- Reduced blood flow
- A genetic predisposition to irregular clotting
- A recent injury
Doctors typically advise women with such conditions to use a nonhormonal or progestin-only contraceptive unless they're taking anticoagulant medication, according to the National Blood Clot Alliance.
Reduced blood flow
"When blood cannot move freely through the body, clots are more likely to occur," Arnold said.
Underlying health conditions—atherosclerosis, high blood pressure, diabetes, varicose veins, obesity, peripheral artery disease—can adversely affect circulation, according to Cleveland Clinic.
Age may also decrease blood flow, according to the National Library of Medicine.
"Being immobile for long periods, such as on a long-distance flight or when bedridden, can also raise DVT risk by allowing blood to accumulate in the legs," Palshetkar said.
"Some conditions—such as the factor V Leiden genetic mutation and antiphospholipid syndrome—can make a person's blood clot more easily," Davidov said.
People with a family or personal history of clots are also more likely to develop them.
Additionally, having cancer may increase a person's risk, according to Memorial Sloan Kettering Cancer Center. Genetic changes that cause cancer can increase clotting factors, as can many chemotherapy drugs.
Trauma, especially to the legs, can raise the likelihood of a clot for a couple of reasons. For one, it may damage the vein's inner lining, according to the University of Connecticut. This can occur from serious injuries, surgery, inflammation or immune responses.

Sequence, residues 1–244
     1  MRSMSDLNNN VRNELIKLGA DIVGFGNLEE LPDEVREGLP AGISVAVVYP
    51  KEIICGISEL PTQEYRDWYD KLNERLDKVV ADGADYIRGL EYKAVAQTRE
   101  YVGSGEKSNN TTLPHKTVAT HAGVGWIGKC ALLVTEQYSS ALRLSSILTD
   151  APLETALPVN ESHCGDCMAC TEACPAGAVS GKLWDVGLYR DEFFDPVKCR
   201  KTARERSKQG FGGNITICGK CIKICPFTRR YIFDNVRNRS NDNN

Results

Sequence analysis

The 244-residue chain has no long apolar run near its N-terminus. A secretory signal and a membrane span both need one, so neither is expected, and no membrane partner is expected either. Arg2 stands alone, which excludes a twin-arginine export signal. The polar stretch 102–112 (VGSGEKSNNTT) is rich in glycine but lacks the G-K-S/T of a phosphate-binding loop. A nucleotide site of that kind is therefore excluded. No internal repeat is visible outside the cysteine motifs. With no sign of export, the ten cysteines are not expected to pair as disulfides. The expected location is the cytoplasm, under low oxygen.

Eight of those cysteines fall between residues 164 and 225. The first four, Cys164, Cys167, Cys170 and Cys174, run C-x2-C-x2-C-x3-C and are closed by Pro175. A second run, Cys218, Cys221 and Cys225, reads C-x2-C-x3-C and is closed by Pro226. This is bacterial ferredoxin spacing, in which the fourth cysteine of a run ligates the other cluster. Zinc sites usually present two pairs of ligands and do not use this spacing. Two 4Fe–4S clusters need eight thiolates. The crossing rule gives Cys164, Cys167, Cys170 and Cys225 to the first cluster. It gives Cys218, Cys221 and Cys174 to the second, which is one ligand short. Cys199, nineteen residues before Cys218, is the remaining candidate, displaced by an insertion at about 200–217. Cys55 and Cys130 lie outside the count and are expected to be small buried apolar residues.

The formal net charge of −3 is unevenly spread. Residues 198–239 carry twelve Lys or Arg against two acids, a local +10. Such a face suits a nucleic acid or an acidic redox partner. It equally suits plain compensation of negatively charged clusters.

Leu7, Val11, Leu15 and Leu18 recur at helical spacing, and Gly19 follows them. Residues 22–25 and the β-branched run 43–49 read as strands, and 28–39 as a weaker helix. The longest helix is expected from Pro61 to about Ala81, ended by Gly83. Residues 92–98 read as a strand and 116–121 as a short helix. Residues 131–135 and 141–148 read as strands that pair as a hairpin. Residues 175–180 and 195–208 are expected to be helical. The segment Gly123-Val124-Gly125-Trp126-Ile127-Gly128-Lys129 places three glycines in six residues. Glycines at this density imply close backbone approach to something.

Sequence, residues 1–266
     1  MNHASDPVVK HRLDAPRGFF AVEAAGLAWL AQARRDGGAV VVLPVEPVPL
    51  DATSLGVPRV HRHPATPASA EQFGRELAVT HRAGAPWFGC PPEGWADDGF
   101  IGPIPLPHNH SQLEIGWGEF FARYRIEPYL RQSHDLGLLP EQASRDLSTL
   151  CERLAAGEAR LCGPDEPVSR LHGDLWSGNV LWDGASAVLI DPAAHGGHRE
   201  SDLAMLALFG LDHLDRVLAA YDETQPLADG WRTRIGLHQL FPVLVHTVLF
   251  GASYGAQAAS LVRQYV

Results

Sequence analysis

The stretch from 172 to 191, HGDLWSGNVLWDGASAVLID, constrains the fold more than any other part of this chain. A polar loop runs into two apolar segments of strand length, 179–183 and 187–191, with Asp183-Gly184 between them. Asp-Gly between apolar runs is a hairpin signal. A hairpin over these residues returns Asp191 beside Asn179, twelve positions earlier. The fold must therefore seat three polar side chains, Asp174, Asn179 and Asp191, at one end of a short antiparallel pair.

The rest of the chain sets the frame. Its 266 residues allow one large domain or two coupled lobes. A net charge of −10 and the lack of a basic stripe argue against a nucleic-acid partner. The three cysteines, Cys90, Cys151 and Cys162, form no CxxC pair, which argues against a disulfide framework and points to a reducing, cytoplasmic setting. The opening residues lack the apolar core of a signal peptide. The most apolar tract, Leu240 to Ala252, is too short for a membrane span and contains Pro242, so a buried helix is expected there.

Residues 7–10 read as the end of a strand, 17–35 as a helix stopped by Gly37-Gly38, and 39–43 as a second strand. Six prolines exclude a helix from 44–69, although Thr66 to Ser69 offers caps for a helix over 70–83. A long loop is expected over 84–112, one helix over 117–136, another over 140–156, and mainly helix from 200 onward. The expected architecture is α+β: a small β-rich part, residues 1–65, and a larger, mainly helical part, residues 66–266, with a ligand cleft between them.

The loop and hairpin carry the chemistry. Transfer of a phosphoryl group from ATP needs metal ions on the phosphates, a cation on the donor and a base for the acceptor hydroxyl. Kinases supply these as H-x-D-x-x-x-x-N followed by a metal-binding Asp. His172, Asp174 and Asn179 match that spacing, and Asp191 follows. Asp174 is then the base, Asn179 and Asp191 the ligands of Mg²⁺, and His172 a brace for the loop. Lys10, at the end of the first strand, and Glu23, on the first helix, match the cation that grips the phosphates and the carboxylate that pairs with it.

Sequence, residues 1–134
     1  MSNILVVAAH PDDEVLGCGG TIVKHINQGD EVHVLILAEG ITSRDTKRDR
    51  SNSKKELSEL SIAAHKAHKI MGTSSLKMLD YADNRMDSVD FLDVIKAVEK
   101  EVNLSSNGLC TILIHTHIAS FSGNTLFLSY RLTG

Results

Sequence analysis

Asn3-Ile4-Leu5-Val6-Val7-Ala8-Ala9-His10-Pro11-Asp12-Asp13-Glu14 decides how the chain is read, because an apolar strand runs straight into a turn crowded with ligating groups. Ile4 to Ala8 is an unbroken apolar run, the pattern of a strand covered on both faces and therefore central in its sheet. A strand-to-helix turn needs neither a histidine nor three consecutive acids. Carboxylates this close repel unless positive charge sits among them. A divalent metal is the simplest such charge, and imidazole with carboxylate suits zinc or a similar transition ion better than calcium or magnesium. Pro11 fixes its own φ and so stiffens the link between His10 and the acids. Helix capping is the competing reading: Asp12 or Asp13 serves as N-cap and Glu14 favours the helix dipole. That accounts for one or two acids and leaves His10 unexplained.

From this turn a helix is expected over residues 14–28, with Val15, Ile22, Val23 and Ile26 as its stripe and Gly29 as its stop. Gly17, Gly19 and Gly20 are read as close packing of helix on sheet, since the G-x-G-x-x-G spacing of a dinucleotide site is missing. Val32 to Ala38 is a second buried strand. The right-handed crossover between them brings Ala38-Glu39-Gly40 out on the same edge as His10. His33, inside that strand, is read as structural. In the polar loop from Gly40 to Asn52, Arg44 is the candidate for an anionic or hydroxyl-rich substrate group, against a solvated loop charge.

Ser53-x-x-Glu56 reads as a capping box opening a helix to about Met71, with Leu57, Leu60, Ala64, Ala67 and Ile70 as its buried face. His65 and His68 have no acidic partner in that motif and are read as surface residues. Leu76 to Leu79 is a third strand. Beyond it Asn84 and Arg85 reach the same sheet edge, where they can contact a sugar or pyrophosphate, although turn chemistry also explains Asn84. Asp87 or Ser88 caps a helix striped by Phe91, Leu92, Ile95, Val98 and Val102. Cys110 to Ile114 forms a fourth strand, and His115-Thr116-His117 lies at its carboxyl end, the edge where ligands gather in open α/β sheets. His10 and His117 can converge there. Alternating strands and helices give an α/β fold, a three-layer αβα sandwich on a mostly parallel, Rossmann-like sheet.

Additionally, injuries may increase clot risk if they restrict mobility; for example, if someone's in a cast or bedridden.
What does the new study indicate about blood clots after stopping birth control?
For the new study, researchers evaluated blood samples from 66 women who took hormonal contraceptives such as pills, skin patches or vaginal rings. Participants provided samples six times while taking hormonal contraceptives and within three months of quitting. Researchers compared these samples to those of 28 women who didn't use hormonal contraception.
The researchers found that within two weeks of stopping hormonal birth control, levels of clotting factors in participants' blood fell by 80 percent. Within four weeks, levels declined by 85 percent. By week 12, levels were similar to those in the control group.
"These findings can help to inform discussions around whether combined hormonal contraceptives are right for the patient, as well as patient-surgeon discussion of whether the benefit of stopping for a short time actually exceeds the risks," said Marc Blondon, M.D., a vascular medicine expert at the University Hospitals of Geneva, Switzerland, and the study's corresponding author, in a press release.